They didn’t have much to offer, according to the GDP. Some of them couldn’t read and write. Some of them were in and out of jail. Their lived experience was all over the place, including mental health issues, housing issues, whatnot. So what’s the commonality? It’s our humanity. It’s our shared humanity. We would step back to that, and we would– in a Transformative Approach to volunteering means that you’re going to have to frame the experience so people can bring meaning into it that makes appropriate sense. During the brief, we would say, “Look, you think you’re here to help them with their issues around hunger. I promise you, we’re not going to make a dent in hunger today. Nutrition? Forget about it. We’re doing the best we can with what we have for one meal. That’s not going to matter, so why are you here? You’re here because all week long you’re told, buy more, make more, sell more, be more, be faster, be prettier, be stronger. Prove that you deserve a place in this world. Especially groups, women, or marginalized groups. Prove it. Prove it. Prove it. The folks that you’re going to sit with, and serve, and eat with today, and talk to, can’t prove it. You’re going to see they’re just like you in many, many respects. If their value isn’t in all the things that we’re obsessing about, is your value? Is this what your life is about? So you’re here to receive a gift? They’re going to remind you of what your life is really about.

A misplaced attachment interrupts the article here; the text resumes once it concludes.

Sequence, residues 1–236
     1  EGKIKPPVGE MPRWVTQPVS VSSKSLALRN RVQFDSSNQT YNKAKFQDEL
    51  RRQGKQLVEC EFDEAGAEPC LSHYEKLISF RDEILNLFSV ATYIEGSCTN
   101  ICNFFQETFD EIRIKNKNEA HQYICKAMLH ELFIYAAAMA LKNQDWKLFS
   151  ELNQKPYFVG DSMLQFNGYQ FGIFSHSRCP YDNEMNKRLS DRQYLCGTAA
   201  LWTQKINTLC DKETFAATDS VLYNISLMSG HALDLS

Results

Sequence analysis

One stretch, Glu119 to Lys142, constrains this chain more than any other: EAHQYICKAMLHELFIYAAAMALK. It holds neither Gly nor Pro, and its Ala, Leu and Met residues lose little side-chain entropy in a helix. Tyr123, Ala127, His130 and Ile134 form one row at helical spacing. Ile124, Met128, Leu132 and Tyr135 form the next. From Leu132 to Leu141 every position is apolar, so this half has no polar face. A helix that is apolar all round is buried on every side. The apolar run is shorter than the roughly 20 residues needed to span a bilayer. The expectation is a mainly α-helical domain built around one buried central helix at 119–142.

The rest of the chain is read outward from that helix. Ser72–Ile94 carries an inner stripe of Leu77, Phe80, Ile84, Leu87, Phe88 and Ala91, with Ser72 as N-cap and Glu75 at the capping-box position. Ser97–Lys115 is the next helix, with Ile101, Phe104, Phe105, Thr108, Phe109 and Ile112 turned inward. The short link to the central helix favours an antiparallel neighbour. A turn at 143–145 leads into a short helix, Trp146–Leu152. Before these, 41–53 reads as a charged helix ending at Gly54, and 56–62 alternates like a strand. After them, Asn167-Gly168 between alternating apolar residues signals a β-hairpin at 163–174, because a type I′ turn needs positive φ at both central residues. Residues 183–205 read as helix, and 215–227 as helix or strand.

Now, this is not going to land for everybody, we’ve all got things going on, but if you’re open, if the time is right, you may experience something where you ask new questions or take a new journey, and that’s what this is for, so thanks for coming. I hope you enjoy this experience we created for you.” That does a couple of things. One, it turns everything on its head. Now, to be honest, Erin, most people when they heard that were like, “That’s nice. Let’s go serve the meal, get this done. I have something else afterwards.” That’s totally fine, there’s nothing wrong with that helping posture. But if people came back enough times and heard that, they may be able to begin to ask a different question like, why are people without homes, or why is it so hard to access healthcare in Canada where healthcare is universal?